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Nitrox O2 analyzer - do I need one

Discussion in 'Advanced Scuba Discussions' started by jtpwils, Sep 24, 2010.

  1. jtpwils

    jtpwils Barracuda

    # of Dives: 25 - 49
    Location: NJ
    200
    0
    0
    I'm taking a Nitrox course and reading the book before the class starts. It indicates I need to analyze the O2% to verify the contents myself. What is the usual method; do I need to buy an analyzer or do you just borrow one where it got filled? Thanks.
     
  2. BradnerBoy

    BradnerBoy Barracuda

    367
    1
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    No, you don't have to buy one. Where ever you get your tanks filled or rent from will (or should) have an analyzer for you to use. Of course, the onus is on you to personally analyze the O2 percentage and record that percentage and the MOD on a sticker/tape/etc on the tank.

    If they don't have an analyzer and they say "trust us. It's right", leave the building immediately...without the tank(s) ;)
     
  3. Kevin Carlisle

    Kevin Carlisle Loggerhead Turtle

    # of Dives: 500 - 999
    Location: Wetumpka, Al
    2,371
    328
    0
    If you intend on diving Nitrox, YES you need the analyzer. Do you really want to trust someone else's equipment?
     
  4. DandyDon

    DandyDon Old men ought to be explorers ScubaBoard Supporter

    # of Dives: 200 - 499
    Location: One kilometer high on the Texas High Plains
    45,789
    3,001
    113
    Most I've seen on boat don't own an analyzer.
     
  5. Lead_carrier

    Lead_carrier Instructor, Scuba

    1,843
    80
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    Why wouldn't he trust someone else's analyzer? The analyzer at the dive shop or whereever you get your tanks better have one. If it is calibrated correctly then I would suggest that it is probably as accurate as anything else that is hooked to the tank. After all, you do trust the compressor, purification system and O2 tanks to get your EANx don't you?

    Is it nice to have your own analyzer, absolutely. Is it needed, no. That's my opinion and I'm sticking to it.
     
    Last edited: Sep 24, 2010
    Sir Barfalot likes this.
  6. Kevin Carlisle

    Kevin Carlisle Loggerhead Turtle

    # of Dives: 500 - 999
    Location: Wetumpka, Al
    2,371
    328
    0

    I dont care what your opinion is, rsk your own life I dont care.
     
  7. PfcAJ

    PfcAJ Orca

    # of Dives:
    Location: St Petersburg, Fl
    5,501
    3,040
    113
    Its nice to own one, but its not the end of the world if you don't. Analyzers are a verification of whats in there (ie you request 32%, the analysis should come within 1% of the target percentage). Its not the other way around (request "nitrox" and check to see what it is). If you use this method, its ok to use another person's/shop's analyzer.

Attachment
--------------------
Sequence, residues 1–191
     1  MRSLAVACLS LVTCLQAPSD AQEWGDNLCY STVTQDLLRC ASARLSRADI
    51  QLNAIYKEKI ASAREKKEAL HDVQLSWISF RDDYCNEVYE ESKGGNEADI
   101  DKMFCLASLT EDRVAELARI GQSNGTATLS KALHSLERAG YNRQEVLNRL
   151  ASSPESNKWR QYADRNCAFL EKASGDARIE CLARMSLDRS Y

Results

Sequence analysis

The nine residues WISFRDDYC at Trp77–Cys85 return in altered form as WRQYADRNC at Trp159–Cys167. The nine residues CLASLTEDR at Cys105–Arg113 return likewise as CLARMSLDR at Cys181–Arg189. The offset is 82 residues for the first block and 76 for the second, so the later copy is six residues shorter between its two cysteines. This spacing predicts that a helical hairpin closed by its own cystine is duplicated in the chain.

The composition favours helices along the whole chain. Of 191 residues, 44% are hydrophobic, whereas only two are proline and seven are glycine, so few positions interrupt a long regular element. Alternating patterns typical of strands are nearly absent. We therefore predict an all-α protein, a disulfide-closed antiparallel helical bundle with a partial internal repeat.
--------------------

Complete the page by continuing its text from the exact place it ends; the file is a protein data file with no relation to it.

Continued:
I made my own for about a hundred bucks. Oxycheq.com has a little kit called the "El Cheapo". It took me almost no time to make it, and it works great. Plus, you get to learn how analyzers work.
     
  8. Kevin Carlisle

    Kevin Carlisle Loggerhead Turtle

    # of Dives: 500 - 999
    Location: Wetumpka, Al
    2,371
    328
    0
    I think people dont realize its not a huge investment if you look.
     
  9. whodunit68

    whodunit68 Manta Ray

    # of Dives: 500 - 999
    Location: High Springs, Fl
    1,002
    24
    38
    I agree with Lead carrier. you'll probably want your own at some point in your life but I also agree with the above - don't ever, ever, under ANY circumstances not analyze yourself and not calibrate before analyzing. It makes no sense. I travel the world and have been places that don't have analyzers so like I said you'll want one if you do but shops in the US and major dive areas should have them. I can't emphasize it enough - no matter how much crap someone may give you and all the "trust us" BS...if they don't have an analyzer or you can't analyze, don't dive that gas. Period.
     
  10. whodunit68

    whodunit68 Manta Ray

    # of Dives: 500 - 999
    Location: High Springs, Fl
    1,002
    24
    38
    Agreed. For the price, it's not worth the risk for ME. I only make my decisions for me.
    In your course, you will learn to calibrate to a known source (the air we breathe, for example) then check your gas.

    I bought one for less than $200 and it's pretty popular. Keep your eyes out for a sale or check with guys like Mike @ DiveRightInScuba or Wayne at Amigos Dive Center and they can probably give you a good price on a new one.
     

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